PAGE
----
Colors in Hinduism
Hinduism is one of the oldest religions still surviving today. It’s well known for the diversity and vibrancy of the mythology, the numerous rituals, and the traditional religious piety of true believers. Color plays an enormous role in the Hindu culture and religion; from the colors associated with different gods to the sacred symbols and auspicious charms.
There are more gods in the Hindu faith than can be named by any one person. However, a few of them are rather more focused on in religious tales, and therefore these few are relatively well-known amongst the wide girth of the Hindu population.
The Lords Rama and Krishna, the heroes of the mythical tales of the Ramayana and the Mahabharata, have always been depicted with blue skin. This is because blue is considered the herald of creation, and these two Gods devoted their life on earth to vanquishing evil in order to protect the good. As can be seen from the world around us, blue is one of the most used colors in nature—the sky, the lakes, the rivers, the oceans—and thus blue was always regarded by Hindus as highly auspicious. Blue was also representative of bravery, masculinity, depth of character, and the ability to deal with difficult situations in a calm, reasoned manner.
White has always been the color of sanctity. Representing all that is pure and peaceful, many of the goddesses have a white garb. Saraswati, the Goddess of Wisdom and Learning, is always shown in a white sari. The white lotus is also symbolic of clarity, knowledge and cleanliness. It symbolizes new beginnings, therefore, on each Indian New Year, it is a tradition for the small homeowners to whitewash their walls and clean their homes to welcome the New Year. White is also a mark of mourning, and widows are expected to dress in white in order to show their grief and detachment from the material world as their husbands have departed.
Red, apart from its derivative, saffron, is probably the most essential color in the Hindu faith; red being the main color used to symbolize an auspicious occasion. The traditional bridal dress has always been red, and a red mark on the head of a devotee is put on for religious ceremonies. Traditionally, all married women are to have a red streak along the hair parting, and red powder is often used in sacred rituals; during which things are showered on idols and objects tossed into the fire. Red is also symbolic of power. A person dressed in red is one with utmost courage and chivalry towards humankind. When women die, they are dressed in a red sari and then cremated, as a mark of respect for their character.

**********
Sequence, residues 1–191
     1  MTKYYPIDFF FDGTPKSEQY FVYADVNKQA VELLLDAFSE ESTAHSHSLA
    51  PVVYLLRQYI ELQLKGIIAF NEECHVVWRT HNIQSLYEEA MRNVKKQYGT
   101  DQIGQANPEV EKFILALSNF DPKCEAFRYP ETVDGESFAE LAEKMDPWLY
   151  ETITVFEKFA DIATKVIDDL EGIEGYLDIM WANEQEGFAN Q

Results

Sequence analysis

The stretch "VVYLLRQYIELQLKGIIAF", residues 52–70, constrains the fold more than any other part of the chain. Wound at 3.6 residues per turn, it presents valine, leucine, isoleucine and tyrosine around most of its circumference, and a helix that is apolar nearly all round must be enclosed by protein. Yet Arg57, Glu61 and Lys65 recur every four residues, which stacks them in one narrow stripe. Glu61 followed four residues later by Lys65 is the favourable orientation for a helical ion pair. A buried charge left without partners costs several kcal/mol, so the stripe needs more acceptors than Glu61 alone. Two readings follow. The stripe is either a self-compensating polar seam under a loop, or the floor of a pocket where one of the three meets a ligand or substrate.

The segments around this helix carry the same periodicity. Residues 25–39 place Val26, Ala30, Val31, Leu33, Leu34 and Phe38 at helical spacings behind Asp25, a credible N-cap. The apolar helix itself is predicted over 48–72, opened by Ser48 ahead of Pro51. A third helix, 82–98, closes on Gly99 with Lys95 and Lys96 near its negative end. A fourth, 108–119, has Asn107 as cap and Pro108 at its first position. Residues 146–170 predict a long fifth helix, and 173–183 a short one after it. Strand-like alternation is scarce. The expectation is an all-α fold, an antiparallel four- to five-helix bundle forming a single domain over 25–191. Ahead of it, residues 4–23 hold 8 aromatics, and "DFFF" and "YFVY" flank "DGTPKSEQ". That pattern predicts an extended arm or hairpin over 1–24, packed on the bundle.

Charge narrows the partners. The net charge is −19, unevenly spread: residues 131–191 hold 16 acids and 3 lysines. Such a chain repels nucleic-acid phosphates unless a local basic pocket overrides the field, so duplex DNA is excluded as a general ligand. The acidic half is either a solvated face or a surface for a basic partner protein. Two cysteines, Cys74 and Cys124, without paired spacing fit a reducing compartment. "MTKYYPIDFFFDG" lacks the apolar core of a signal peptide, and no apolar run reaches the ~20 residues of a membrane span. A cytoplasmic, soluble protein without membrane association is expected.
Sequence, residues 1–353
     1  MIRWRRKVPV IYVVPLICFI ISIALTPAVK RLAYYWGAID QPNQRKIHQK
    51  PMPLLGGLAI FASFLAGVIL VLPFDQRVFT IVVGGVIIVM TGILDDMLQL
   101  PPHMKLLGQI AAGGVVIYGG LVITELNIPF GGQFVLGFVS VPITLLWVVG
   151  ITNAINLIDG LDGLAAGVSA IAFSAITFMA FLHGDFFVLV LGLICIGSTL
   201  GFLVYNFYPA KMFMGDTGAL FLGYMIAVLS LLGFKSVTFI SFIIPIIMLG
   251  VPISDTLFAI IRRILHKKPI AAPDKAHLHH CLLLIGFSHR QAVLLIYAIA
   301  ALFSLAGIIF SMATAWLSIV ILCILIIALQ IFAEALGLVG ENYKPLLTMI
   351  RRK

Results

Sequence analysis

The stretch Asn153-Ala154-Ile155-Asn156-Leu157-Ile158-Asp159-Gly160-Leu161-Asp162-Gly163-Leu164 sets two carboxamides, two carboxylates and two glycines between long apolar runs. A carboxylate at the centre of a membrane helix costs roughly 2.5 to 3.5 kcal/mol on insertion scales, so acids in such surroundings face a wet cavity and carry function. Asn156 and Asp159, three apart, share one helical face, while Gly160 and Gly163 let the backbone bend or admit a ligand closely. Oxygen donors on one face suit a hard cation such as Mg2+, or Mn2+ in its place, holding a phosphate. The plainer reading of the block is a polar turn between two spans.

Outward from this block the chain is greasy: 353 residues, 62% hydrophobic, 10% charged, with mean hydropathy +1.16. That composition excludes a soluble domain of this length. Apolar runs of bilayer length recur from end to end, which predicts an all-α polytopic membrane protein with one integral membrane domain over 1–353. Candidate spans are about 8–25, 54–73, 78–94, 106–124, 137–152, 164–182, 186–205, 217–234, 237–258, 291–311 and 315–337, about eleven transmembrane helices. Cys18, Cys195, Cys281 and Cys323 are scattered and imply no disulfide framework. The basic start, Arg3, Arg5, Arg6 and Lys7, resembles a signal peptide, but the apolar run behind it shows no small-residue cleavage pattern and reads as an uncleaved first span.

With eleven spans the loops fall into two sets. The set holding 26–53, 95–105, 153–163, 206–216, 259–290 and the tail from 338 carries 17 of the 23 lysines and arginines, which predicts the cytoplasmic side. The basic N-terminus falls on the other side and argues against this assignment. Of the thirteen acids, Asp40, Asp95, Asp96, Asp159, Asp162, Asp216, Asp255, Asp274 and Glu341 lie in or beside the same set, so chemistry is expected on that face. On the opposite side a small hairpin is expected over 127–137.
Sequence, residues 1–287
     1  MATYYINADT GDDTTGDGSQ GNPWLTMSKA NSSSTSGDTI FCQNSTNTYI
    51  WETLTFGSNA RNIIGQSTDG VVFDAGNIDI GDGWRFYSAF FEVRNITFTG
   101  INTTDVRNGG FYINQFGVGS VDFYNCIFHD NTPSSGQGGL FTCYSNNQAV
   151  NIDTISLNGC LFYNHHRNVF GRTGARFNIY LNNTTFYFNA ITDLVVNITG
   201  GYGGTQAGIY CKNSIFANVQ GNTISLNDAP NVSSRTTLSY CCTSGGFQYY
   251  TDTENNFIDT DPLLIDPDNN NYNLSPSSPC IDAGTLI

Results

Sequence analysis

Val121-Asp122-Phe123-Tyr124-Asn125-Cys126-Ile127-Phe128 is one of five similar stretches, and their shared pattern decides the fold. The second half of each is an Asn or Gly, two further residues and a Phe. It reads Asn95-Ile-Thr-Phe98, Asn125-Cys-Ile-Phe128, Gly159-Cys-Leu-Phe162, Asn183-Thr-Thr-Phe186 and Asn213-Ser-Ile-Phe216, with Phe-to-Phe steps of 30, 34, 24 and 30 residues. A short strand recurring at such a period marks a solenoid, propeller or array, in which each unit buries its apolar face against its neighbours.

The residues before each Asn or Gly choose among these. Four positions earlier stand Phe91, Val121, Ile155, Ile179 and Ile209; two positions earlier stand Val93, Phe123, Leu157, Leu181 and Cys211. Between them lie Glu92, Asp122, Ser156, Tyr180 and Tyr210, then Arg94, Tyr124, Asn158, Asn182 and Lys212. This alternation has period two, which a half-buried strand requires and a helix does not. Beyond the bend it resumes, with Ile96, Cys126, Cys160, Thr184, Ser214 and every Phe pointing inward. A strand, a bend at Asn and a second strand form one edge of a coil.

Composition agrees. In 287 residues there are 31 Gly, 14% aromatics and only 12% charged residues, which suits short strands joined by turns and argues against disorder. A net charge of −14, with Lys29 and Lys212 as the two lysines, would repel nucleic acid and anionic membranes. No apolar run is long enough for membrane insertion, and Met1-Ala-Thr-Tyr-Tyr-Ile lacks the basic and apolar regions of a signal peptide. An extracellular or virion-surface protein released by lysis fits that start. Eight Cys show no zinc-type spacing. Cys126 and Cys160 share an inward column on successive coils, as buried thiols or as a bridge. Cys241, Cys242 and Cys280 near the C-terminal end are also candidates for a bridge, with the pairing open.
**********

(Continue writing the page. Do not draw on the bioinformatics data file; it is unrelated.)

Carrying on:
Saffron, a shade considered the very symbol of holiness and religion in Hinduism, also plays a vital role. Many priests still wear the traditional saffron robes, and in older times, a saint meditating in a forest could always be recognized by his saffron garments. In Hinduism, all evil is removed by casting objects into a fire. The fire is said to be a purgative, and as saffron is the color of flame, it too is thought to have the same characteristic. Warriors setting out to purge the land of evil would often dress in saffron as well. Saffron is the color of abstinence, purging and resultant purity.
Green has always been the color of happiness and stability. In ancient times, the life of the people revolved around the green produce of the land, so green was regarded as reassuring steadfastness.
Yellow is the color of spring. Radiant and all-enlightening, this color is knowledge, competence and mental development. It is the color that stimulates the mind and encourages logical reasoning. Lord Vishnu, a god of learning and knowledge, is represented by yellow. Both Lord Krishna and Ganesh wear yellow dresses as well, reflecting their depth of wisdom.
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